GPS Devices for Geocaching
First off, if you’re only vaguely familiar with this modern day treasure-hunting pastime, find out more about the basics by reading What is Geocaching?
Now, let’s get right to the point and list the desirable functions and features in a device to use for geocaching. You want a handheld GPS device that is very accurate since the loot at every stash you discover will likely be in a small container hidden from the untrained eye. The essential criteria that your most basic geocaching GPS handheld device should meet to be most effective for this great excuse to get outdoors and explore include the following:
- Waterproof and durable so you don’t have to worry about harming it.
- Small and lightweight so you can carry it easily in one hand or in a pocket or pack.
- 12 channels to lock on to the satellites; older models with less are too slow and not accurate enough.
- Plenty of waypoint storage capacity. Waypoints mark where the cache is and also you can input them as you go to easily retrace your steps back.
- You want to be able to read the screen easily in the direct sun, under heavy clouds, with your shades on, and at night.
- Long battery life. Easily replaceable and/or rechargeable. Lithium batteries last the longest.
- Preferably a USB cord compatibility to hook into your computer for downloading data such as maps and cache coordinates from software or online.
The advanced features that the higher-end GPS devices have can add to the fun, help you find stuff quicker, and make this hobby more expensive. The following list is essentially the answer to the question: What should I look for in a handheld GPS for geocaching to have all the bells and whistles?
- WAAS (Wide Area Augmentation System) enabled – this means your GPS unit will give you up to five times the accuracy because you’re linked in with a system of satellites that ensures position accuracy within 10 feet (3 meters) for about 95% of your searching endeavors. Many Garmin models have this technology.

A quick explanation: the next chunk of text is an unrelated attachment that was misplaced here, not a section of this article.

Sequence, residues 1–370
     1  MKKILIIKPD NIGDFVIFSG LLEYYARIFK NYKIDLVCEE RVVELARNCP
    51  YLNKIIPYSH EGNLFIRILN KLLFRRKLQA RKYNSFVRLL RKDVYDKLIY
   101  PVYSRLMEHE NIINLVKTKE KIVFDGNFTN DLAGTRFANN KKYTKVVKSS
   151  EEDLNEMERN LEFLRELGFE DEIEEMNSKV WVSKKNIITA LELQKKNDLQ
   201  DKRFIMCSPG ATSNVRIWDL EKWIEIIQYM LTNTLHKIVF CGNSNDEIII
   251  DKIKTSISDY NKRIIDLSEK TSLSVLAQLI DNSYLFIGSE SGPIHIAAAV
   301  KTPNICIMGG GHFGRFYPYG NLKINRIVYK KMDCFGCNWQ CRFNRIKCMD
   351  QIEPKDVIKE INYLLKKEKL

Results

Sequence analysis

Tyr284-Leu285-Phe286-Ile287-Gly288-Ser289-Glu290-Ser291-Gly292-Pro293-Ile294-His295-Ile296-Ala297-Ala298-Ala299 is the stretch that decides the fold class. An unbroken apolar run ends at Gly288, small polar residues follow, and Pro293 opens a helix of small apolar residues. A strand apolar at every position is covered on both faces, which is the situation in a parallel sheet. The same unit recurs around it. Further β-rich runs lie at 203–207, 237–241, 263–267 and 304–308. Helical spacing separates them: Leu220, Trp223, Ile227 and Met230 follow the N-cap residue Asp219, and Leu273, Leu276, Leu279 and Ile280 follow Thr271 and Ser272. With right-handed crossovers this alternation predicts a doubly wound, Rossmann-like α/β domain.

- A Built-in Compass is nice to have the closer you get to the cache.
- Memory storage. Higher end models often have a memory card slot which is very useful.
- Altimeter: who doesn’t want to know how high above sea level they are at any given moment, right? But in mountainous or hilly country, a cache might be easier to find if this info was included with the data you retrieved from an official geocaching site.
- Mapping Capabilities; it’s very nice to see what you’re doing on the maps (terrain features included) which either come with the unit or the unit has the capability and storage room to download them off the Web.
- An external antenna certainly comes in handy when you’re under a thick patch of cedars or deep in the canyons walled by either steep rock faces or skyscrapers. It keeps you from losing your lock on those eyes in the sky, the GPS satellite systems.
- A rocker key pad (operates with a wheel similar to an IPod) or touch-screen is a plus to some folks.
Now that we have all those considerations before us, we will take a look at the best Geocaching GPS units available for a given price range in the next two articles. This series is dedicated to help you get the most out of Geocaching with the best device to match your needs based on your anticipated level of interest. This knowledge will greatly aid you in enjoying with your treasure hunting pursuits.
This post is part of the series: What are The Top Geocaching GPS Units?
- Best GPS Units for Geocaching
- What to Look for in a Handheld GPS for Geocaching?
- The Best Handheld GPS Units for Geocaching
- Top Geocaching GPS Units: Budget & Mid-Price Ranges